This is understandable, but it was also avoidable. Deep Space Nine introduced two new characters over the course of its run, but it did a much more balanced way than Voyager. It continued to develop characters like Bashir and Jake even after the introduction of Worf and Ezri. Of course, Deep Space Nine had the luxury of introducing new characters that had already been established. Worf was a seven-year veteran of The Next Generation, and so was a known quantity. Ezri was the latest host of the Dax symbiont, and was so a continuation of a preexisting character.

Still, there were a number of factors that accounted for Seven’s immediate elevation to the top of the ensemble. Most obviously, the writers had already given up on about half the primary cast. While the writers on Deep Space Nine devoted considerable energy to characters that had been troubled in the early seasons, like Jadzia Dax or Julian Bashir, the writers on Voyager very quickly tired of characters that were not working. It was easier to invest energy in the characters that worked, rather than to fix those that did not.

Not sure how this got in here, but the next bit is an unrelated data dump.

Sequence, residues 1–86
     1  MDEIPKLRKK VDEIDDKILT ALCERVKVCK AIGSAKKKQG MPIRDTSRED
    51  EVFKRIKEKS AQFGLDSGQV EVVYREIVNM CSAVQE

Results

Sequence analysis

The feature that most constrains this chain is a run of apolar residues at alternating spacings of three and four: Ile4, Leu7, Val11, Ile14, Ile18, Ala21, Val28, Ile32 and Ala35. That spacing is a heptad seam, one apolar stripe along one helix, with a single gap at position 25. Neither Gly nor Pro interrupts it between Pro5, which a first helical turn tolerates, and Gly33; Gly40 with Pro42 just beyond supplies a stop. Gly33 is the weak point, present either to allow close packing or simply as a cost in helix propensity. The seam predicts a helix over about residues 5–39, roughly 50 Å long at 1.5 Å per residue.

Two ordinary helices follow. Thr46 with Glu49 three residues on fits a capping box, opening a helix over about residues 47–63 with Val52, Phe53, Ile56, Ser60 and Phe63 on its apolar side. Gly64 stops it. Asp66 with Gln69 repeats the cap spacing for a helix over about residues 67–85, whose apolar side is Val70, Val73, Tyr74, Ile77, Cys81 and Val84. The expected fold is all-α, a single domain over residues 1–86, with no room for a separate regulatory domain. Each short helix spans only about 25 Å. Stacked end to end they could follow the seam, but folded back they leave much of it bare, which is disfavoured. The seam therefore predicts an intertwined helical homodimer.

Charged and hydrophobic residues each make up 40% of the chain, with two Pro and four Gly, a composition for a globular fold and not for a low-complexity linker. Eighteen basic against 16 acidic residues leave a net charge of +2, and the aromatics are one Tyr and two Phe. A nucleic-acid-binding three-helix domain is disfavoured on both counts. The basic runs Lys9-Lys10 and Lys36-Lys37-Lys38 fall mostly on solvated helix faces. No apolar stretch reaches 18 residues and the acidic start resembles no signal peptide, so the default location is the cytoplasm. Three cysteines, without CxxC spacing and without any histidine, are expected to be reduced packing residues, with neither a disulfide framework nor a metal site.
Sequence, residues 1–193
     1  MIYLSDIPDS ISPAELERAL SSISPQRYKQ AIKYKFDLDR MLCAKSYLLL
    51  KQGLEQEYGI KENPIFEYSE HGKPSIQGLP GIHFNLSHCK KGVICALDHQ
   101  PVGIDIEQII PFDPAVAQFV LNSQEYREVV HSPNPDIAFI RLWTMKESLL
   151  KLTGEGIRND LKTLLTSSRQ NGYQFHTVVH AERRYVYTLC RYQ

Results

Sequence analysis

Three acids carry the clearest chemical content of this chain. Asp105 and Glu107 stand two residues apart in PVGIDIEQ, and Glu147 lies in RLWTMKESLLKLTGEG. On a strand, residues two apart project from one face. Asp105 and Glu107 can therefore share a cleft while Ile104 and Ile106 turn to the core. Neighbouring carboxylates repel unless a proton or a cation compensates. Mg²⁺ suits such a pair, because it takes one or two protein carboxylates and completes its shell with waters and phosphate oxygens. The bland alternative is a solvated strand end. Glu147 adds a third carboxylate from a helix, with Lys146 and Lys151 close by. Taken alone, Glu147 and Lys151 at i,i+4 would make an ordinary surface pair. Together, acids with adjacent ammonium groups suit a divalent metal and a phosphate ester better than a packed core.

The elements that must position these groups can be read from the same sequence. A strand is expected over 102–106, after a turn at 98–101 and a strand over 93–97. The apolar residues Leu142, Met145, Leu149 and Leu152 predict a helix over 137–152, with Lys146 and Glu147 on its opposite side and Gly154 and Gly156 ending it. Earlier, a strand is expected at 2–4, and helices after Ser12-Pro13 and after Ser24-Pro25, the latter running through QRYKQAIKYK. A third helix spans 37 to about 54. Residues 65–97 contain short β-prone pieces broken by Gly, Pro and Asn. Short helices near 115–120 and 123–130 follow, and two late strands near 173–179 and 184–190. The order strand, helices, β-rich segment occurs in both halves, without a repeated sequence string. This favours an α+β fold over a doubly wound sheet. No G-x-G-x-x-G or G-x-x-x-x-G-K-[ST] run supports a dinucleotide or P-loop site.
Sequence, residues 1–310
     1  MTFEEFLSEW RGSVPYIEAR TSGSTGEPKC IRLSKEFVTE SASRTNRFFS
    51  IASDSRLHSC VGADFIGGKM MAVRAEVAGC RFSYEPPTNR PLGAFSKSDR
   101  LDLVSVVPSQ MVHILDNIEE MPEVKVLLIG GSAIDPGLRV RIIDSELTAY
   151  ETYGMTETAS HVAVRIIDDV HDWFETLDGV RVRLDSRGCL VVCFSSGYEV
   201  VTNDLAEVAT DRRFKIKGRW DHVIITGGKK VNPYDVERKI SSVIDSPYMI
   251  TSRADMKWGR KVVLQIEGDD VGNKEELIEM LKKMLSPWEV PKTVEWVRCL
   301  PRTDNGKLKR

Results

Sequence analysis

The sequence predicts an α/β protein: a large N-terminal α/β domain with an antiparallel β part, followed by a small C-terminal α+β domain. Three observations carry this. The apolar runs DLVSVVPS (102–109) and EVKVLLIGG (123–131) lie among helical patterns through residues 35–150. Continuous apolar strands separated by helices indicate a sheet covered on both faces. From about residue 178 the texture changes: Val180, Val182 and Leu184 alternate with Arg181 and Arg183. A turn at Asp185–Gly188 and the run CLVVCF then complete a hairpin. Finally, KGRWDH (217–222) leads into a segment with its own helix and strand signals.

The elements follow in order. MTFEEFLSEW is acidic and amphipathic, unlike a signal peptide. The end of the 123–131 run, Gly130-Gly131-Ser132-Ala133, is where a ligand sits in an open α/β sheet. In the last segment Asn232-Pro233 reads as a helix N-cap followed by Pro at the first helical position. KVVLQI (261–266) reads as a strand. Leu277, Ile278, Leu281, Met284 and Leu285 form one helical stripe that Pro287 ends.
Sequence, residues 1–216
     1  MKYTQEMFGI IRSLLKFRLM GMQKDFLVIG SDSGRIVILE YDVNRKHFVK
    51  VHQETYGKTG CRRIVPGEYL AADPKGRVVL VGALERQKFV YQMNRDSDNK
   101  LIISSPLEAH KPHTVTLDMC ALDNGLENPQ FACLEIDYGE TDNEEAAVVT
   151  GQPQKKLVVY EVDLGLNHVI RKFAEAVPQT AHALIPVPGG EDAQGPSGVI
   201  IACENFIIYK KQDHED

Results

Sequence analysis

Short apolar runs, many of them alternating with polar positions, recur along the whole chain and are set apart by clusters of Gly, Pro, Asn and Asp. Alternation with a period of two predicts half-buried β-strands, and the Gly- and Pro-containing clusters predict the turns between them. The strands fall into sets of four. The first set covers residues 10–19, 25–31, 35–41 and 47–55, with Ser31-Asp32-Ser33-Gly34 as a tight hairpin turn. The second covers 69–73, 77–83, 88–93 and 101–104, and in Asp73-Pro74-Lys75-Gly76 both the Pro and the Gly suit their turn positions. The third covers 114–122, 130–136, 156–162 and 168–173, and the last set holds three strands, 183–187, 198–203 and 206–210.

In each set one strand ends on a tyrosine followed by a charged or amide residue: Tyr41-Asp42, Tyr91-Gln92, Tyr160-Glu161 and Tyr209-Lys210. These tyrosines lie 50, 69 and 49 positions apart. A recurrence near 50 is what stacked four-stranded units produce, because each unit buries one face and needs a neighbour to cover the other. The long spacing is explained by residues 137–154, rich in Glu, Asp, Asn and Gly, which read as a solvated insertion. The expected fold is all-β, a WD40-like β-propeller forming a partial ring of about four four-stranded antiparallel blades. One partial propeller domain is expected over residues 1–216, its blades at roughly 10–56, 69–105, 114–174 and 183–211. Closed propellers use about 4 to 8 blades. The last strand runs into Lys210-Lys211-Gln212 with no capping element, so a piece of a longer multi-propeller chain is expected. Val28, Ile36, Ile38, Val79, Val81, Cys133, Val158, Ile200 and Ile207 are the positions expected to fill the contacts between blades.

More than that, there was Seven of Nine herself. The character was just familiar enough to fit comfortably within an established Star Trek archetype and just novel enough to be an interesting wrinkle to the status quo. On paper, Seven of Nine was an extension of the archetypal “outsider” character; Spock on Star Trek, Data on The Next Generation, Odo on Deep Space Nine. The EMH was arguably already an example on Voyager, and he had been the breakout character of the first three seasons, so it made sense to double down on that direction.

However, Seven of Nine also brought some new material to the table. If Data was an innocent child who looked to Picard in awe and wonder, Seven was an unruly teenager who would put Janeway to the test. The dynamic between Janeway and Seven is more fraught than that between Data and Picard. The tension between Janeway and Seven elevates a lot of Voyager episodes, make great episodes like Prey or The Killing Game, Part I even more effective and providing a nice bite to more middling episodes like The Omega Directive or Hope and Fear.